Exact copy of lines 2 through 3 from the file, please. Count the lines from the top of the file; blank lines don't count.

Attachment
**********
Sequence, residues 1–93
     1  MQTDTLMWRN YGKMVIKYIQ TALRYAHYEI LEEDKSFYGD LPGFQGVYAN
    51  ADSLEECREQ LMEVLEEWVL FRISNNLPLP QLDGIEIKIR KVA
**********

     1  MQTDTLMWRN YGKMVIKYIQ TALRYAHYEI LEEDKSFYGD LPGFQGVYAN
    51  ADSLEECREQ LMEVLEEWVL FRISNNLPLP QLDGIEIKIR KVA